Tuesday, May 31, 2005

NEW YORK (AP) — Two U.S. citizens accused of being al Qaeda loyalists were each ordered held without bail yesterday when they appeared in federal courtrooms in New York and Florida.

Tarik Shah, 42, of New York, waved and smiled at supporters and appeared relaxed at his preliminary hearing in U.S. District Court in Manhattan before Magistrate Judge Theodore Katz.

In Fort Pierce, Fla., Rafiq Abdus Sabir, 50, told U.S. District Judge James Hopkins that he had not hired an attorney, and the judge set the next hearing in his case for Monday.

Neither defendant entered a plea on the single charge of conspiring to provide material support to al Qaeda.

Prosecutors say the two men swore a formal oath of loyalty to al Qaeda as they conspired to use their skills in martial arts and medicine to aid international terrorism.

The men were arrested Friday in a sting operation that the government said began in 2003. If convicted, each could face a sentence of 15 years in prison and a fine of up to $250,000.

An attorney for Mr. Shah, Anthony Ricco, said outside court that the case was a “desperate prosecution by our government.” He described Mr. Shah as a world-renowned jazz musician, a father and a family man.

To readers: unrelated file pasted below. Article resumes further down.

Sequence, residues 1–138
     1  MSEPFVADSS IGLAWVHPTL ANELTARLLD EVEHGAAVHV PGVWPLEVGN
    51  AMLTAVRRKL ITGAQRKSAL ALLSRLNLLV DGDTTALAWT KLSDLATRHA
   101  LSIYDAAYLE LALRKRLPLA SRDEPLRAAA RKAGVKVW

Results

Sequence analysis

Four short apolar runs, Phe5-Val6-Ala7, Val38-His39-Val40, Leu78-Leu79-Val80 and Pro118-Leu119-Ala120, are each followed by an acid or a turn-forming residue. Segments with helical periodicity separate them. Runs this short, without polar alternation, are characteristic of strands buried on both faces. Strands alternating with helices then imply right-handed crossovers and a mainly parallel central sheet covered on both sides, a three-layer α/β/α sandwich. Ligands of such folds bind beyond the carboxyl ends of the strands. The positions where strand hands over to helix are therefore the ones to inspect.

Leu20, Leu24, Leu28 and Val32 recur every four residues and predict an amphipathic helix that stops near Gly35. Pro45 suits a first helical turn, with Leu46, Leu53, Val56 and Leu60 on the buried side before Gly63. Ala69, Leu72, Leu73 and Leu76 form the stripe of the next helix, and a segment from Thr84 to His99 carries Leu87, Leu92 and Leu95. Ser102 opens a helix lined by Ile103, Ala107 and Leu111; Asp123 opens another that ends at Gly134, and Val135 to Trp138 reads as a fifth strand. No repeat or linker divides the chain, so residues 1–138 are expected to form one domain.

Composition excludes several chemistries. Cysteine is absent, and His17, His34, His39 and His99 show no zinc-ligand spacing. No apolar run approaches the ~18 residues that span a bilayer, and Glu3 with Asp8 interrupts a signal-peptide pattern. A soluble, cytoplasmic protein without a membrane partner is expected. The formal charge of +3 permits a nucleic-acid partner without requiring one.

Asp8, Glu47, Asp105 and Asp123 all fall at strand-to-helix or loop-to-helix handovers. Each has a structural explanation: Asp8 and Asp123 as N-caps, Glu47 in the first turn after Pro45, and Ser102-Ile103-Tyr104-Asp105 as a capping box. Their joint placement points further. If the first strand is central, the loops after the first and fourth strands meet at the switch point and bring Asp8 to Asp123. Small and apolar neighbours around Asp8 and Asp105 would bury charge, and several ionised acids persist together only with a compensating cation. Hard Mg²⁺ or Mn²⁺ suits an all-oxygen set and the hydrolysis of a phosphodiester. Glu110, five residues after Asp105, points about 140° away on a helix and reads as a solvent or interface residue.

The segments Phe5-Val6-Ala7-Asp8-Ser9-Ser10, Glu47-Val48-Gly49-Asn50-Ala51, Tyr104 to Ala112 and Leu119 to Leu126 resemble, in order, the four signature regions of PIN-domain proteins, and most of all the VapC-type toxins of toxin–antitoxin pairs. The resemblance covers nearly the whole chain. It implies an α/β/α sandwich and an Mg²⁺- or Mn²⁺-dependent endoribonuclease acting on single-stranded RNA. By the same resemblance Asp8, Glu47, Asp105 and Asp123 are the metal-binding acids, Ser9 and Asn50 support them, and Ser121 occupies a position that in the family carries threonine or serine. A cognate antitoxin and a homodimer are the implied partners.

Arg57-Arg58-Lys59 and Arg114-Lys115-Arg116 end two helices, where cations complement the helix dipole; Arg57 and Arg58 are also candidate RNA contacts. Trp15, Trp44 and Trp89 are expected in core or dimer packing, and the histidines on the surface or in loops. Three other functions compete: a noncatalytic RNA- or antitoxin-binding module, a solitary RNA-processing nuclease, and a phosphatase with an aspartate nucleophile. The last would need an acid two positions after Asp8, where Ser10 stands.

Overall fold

“They are prosecutions based upon religious beliefs,” said Mr. Ricco, a veteran terrorism defense lawyer.

Melanie Dyre, who described herself as a fellow musician, described Mr. Shah as “a beautiful person and a wonderful musician.”

A spokesman for the Islamic Center of Boca Raton, Fla., Dan McBride, defended Dr. Sabir outside court in Florida as a man who traveled between the United States and Saudi Arabia to earn enough money to support his wife and their two sons.

“He has no money,” Mr. McBride said. “He works over there, then comes back and lives over here.”

Prosecutors said Dr. Sabir, an Ivy League-educated physician, agreed to treat jihadists, or holy warriors, in Saudi Arabia. Mr. Shah, a jazz musician and a self-described martial arts expert, purportedly agreed to train them in hand-to-hand combat.

The complaint unsealed Monday described Mr. Shah’s zeal to train “brothers” for urban warfare. It said both men pledged their allegiance to al Qaeda during a May 20 meeting in the Bronx, N.Y.

The FBI videotaped Mr. Shah and an informant visiting a Long Island, N.Y., warehouse to see whether it would be adequate as a training site, the papers said.

Mr. Shah also discussed a desire to open a machine shop to make weapons, the complaint said.

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